He became the son-in-law of the Byzantine Emperor Alexius III and distinguished himself during the sieges of Constantinople by the Latins (1203-1204). After the capture of the city he gathered a band of fugitives in Bithynia and established himself in the town of Nicaea, which became the chief rallying-point for his countrymen.
Relieved of the danger of invasion by a Latin force which had defeated him in 1204 but was recalled to Europe by a Bulgarian invasion, he set to work to form a new Byzantine state in Asia Minor, and in 1206 assumed the title of emperor.
During the next years Theodore was beset by enemies surrounding his fledgling state. He maintained himself stubbornly in defensive campaigns against the Latin emperor Henry of Flanders, defeated his rival Alexius I of Trebizond, and carried out a successful counter-attack upon Kay Khosru I Gayath-ed-Din, the sultan of Rum (Also called the sultan of Iconium or Koniah. See Sultans of Rum), who had been instigated to war by the deposed Alexius III.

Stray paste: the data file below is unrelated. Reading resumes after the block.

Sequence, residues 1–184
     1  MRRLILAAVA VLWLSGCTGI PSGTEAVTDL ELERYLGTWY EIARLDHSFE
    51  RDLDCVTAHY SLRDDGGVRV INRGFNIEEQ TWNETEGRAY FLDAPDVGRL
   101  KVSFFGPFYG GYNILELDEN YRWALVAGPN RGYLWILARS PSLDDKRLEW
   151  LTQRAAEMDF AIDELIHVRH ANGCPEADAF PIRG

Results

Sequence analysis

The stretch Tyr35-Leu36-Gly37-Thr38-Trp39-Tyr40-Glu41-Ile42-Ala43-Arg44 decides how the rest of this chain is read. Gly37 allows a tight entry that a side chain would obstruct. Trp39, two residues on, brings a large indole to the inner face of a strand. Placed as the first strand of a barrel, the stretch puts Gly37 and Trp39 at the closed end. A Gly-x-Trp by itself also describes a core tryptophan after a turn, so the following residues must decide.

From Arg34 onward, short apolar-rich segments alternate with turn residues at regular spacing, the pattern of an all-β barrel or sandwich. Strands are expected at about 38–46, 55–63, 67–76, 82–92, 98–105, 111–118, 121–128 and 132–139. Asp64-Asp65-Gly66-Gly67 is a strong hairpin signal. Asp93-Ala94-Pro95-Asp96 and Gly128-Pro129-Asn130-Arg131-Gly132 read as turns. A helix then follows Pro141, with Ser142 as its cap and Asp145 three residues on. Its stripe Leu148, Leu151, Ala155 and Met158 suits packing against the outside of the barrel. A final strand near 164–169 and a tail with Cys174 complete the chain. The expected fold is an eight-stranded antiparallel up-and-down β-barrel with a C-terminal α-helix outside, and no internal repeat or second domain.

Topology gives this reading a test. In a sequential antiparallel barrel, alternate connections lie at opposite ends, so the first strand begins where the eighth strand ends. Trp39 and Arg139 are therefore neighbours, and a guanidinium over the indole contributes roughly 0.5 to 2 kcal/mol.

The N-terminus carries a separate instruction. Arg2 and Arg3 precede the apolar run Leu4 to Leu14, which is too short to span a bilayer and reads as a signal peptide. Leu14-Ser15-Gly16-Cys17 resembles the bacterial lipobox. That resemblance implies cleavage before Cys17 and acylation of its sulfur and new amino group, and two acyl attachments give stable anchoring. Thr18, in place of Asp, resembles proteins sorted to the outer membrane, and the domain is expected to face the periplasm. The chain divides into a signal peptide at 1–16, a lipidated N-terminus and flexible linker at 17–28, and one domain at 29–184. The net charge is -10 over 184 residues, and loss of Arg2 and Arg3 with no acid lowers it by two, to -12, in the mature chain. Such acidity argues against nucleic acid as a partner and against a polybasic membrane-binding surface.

At the end of his reign he ruled over a territory roughly conterminous with the old Roman provinces of Asia and Bithynia. Though there is no proof of higher qualities of statesmanship in him, by his courage and military skill he enabled the Byzantine nation not merely to survive, but ultimately to beat back the Latin invasion.
New dynasty in exile in Nicaea;
Alexius V previous non-Latin emperor
(in exile in the Empire of Nicaea)
This entry was originally from the 1911 Encyclopedia Britannica.